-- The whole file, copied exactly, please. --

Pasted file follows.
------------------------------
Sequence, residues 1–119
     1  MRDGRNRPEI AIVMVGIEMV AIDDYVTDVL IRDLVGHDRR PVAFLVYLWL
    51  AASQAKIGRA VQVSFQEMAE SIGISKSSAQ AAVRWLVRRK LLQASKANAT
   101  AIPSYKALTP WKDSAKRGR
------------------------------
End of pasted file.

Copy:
Sequence, residues 1–119
     1  MRDGRNRPEI AIVMVGIEMV AIDDYVTDVL IRDLVGHDRR PVAFLVYLWL
    51  AASQAKIGRA VQVSFQEMAE SIGISKSSAQ AAVRWLVRRK LLQASKANAT
   101  AIPSYKALTP WKDSAKRGR